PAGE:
[EDITORIALS]The Blue House on the Attack
The Blue House has criticized the National Assembly speech by the opposition party's leader point by point. It is unprecedented and puzzling that the presidential office responded with a barrage of blatant attacks. The general public has been disillusioned after the endless showdowns between the ruling party and the opposition. Now that the Blue House has jumped into the battle with rolled-up sleeves, the public feels more nervous.
In a briefing for journalists on Wednesday, Park Joon-young, the Blue House spokesman, opened fire by saying, "Almost nothing in Grand National Party President Lee Hoi-chang's address was based on the truth. He distorted everything and his speech was filled with false arguments."
Mr. Park found fault with Mr. Lee's statement that President Kim said there would be no more war on the Korean Peninsula after last year's inter-Korean summit talks. Mr. Park said, "He twisted the president's words. The president meant that South Koreans should be determined not to permit another war." He went on to say, "Not to mention his qualities, we cannot help wondering whether he is a sensible man when he uses falsehood in arguments." Pointing out a mistake is an acceptable act of defense, but Mr. Park's expression was too harsh and the phrases he used remained at the level of nit-picking. Especially when we reach the point where Mr. Park described Mr. Lee as a person who "deludes the world and deceives the people" and "shameless," we cannot help but wonder if they are suitable to describe the head of the opposition. Mr. Park refuted Mr. Lee's remark that what the Korean people built for decades has been crumbling for the past three years. He launched a counterattack: "The nation has fallen because the Grand National Party mismanaged national affairs when it was in power. The GNP diverted the spy agency's budget into elections, which led to festering sores and the ruin of the nation." He then asked, "When Mr. Lee says to put the people first, does he mean to brush aside the past, while maintaining corrupt collusion between politics and business?" He also said, "It was the GNP that first promoted medical reform."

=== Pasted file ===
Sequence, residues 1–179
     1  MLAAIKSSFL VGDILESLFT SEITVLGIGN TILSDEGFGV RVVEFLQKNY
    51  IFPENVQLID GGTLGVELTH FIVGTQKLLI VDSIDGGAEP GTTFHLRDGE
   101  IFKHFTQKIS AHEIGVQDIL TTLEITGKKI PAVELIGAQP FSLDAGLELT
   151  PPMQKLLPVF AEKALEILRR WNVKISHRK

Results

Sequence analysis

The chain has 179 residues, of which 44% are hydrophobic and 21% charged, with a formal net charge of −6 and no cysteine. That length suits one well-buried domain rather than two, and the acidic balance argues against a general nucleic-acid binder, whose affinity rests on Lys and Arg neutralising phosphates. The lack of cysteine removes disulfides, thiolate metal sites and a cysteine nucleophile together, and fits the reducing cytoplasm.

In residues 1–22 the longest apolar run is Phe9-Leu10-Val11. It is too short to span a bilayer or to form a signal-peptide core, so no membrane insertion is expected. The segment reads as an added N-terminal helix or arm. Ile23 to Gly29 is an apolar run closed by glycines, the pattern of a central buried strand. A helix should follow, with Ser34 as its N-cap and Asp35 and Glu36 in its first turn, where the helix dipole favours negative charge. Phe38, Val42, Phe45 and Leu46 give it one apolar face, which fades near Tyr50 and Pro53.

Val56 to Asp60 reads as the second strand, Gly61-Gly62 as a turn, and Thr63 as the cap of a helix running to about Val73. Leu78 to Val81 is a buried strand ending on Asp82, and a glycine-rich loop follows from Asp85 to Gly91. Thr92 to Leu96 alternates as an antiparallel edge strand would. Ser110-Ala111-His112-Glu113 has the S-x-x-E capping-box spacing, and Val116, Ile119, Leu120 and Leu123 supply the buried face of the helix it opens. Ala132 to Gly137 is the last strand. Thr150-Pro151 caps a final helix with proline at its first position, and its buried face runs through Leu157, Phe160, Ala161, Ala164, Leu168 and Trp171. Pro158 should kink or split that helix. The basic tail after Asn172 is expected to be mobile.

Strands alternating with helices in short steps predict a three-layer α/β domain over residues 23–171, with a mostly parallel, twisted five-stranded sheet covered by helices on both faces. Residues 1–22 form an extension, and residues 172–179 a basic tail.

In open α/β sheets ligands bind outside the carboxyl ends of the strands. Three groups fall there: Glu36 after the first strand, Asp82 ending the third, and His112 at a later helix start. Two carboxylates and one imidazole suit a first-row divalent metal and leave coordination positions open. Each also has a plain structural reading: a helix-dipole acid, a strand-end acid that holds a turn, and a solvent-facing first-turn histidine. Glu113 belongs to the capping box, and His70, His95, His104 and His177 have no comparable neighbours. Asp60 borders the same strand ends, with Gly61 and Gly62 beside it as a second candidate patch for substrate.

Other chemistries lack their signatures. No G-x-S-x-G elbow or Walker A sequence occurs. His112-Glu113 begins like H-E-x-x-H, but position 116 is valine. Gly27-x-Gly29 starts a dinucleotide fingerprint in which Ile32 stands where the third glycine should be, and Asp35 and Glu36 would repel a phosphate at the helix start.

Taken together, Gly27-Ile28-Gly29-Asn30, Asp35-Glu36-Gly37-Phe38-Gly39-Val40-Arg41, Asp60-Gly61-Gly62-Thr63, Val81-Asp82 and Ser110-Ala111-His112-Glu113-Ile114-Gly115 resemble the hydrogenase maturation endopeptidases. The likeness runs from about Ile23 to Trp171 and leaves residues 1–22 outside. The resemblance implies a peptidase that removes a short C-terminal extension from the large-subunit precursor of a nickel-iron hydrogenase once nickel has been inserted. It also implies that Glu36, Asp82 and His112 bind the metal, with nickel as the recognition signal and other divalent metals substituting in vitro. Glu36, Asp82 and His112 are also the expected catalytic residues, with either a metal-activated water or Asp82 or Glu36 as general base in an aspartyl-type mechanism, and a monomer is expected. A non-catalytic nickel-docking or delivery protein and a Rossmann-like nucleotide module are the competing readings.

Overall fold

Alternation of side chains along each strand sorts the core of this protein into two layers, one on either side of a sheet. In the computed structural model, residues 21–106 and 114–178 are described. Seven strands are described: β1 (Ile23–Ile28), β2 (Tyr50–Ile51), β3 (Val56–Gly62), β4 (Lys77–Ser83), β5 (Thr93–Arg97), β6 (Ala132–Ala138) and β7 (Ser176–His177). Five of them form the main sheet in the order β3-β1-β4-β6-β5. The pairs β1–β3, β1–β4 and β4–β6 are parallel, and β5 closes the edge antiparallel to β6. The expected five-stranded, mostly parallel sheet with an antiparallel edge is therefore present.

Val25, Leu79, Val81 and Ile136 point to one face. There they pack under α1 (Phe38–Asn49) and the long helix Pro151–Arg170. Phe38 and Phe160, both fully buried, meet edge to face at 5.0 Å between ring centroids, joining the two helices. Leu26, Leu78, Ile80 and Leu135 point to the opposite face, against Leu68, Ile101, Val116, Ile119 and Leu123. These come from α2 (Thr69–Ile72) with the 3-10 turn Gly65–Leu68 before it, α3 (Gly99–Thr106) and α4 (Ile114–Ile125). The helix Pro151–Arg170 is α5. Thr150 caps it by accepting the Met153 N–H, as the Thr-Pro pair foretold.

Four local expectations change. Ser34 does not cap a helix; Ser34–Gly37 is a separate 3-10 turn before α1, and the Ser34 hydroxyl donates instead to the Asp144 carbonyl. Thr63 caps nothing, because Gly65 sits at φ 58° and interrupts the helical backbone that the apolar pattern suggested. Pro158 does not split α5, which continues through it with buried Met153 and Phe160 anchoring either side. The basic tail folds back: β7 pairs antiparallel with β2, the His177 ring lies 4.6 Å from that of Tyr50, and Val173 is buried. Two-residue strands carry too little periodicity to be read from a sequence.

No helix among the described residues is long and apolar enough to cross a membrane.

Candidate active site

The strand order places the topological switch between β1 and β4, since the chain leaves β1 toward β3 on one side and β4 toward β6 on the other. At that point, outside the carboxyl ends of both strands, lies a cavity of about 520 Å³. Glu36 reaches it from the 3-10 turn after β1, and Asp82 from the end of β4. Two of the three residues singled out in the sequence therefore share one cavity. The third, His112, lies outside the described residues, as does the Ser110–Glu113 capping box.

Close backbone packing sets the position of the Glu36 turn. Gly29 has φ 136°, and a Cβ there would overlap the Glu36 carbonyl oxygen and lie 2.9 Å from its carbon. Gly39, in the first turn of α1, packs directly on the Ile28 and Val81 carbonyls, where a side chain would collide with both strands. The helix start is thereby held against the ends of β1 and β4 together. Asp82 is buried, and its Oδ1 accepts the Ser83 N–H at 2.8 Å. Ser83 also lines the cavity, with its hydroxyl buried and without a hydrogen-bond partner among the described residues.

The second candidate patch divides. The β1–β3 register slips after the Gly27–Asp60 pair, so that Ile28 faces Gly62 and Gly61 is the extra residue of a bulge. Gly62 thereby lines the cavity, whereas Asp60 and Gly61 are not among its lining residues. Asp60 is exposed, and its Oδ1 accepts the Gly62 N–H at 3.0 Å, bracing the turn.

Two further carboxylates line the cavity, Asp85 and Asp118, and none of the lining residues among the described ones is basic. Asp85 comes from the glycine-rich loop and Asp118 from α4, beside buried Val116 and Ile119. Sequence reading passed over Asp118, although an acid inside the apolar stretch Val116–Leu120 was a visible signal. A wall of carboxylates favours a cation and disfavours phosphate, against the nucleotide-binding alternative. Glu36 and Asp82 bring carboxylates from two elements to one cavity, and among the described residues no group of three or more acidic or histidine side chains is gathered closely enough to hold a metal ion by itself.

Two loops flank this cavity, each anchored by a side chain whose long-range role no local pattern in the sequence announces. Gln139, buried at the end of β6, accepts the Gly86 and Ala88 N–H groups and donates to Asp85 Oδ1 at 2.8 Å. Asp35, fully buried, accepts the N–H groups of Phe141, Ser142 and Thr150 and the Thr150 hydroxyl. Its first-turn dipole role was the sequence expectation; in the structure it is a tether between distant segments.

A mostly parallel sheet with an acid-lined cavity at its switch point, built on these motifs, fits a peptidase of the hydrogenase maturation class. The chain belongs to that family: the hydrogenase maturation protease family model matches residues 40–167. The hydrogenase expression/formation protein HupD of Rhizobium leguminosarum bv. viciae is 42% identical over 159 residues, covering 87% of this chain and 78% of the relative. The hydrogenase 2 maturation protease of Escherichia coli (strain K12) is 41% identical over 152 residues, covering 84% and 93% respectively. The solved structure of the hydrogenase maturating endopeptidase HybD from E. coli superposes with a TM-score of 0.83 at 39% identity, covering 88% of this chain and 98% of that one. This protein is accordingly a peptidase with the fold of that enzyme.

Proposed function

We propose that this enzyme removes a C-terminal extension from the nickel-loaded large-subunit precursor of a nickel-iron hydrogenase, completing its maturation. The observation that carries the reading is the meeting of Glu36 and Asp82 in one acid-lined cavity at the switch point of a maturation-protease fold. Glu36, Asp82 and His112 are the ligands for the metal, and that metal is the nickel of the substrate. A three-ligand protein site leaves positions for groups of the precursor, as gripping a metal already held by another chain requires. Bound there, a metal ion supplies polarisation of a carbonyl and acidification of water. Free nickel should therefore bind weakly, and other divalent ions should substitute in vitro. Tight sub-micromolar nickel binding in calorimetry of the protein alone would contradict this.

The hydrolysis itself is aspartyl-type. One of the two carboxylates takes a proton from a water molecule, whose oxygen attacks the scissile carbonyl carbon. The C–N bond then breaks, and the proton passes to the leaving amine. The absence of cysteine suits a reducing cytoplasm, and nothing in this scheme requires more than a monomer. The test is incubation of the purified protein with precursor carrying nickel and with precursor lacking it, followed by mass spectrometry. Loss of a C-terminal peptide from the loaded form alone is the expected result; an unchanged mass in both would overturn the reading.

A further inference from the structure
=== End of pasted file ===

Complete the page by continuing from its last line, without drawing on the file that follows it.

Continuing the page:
The Blue House spokesman is free to criticize what the head of the opposition says. However, when criticism goes beyond proper levels of political comment, the public is concerned about the chill which will descend on the political scene.
Of course, the head of the opposition is not immune; he should not criticize the government irresponsibly. But his critical remarks on economic missteps and the failure of medical reform were not unusual for the head of the opposition. It is hard to understand why the Blue House came forward to blame the opposition for the current economic downturn.
We wonder if the Blue House's touchy response reflected President Kim's feelings. If so, it exposes a narrow-mindedness that cannot tolerate routine criticism from the opposition and problems in the system where his displeasure is displayed without being filtered by his aides. For smooth political operations, the Blue House should refrain from coming to the foreground in a battle with the opposition. When it does, the room for reconciliation shrinks and the burden on the president grows as well. Such attacks may give the impression that the president is more interested in a squabble with the opposition than national affairs. This is the time for the ruling party and the opposition to join forces to tackle the economic crisis. Now is the time to reconcile and cooperate with a generous frame of mind.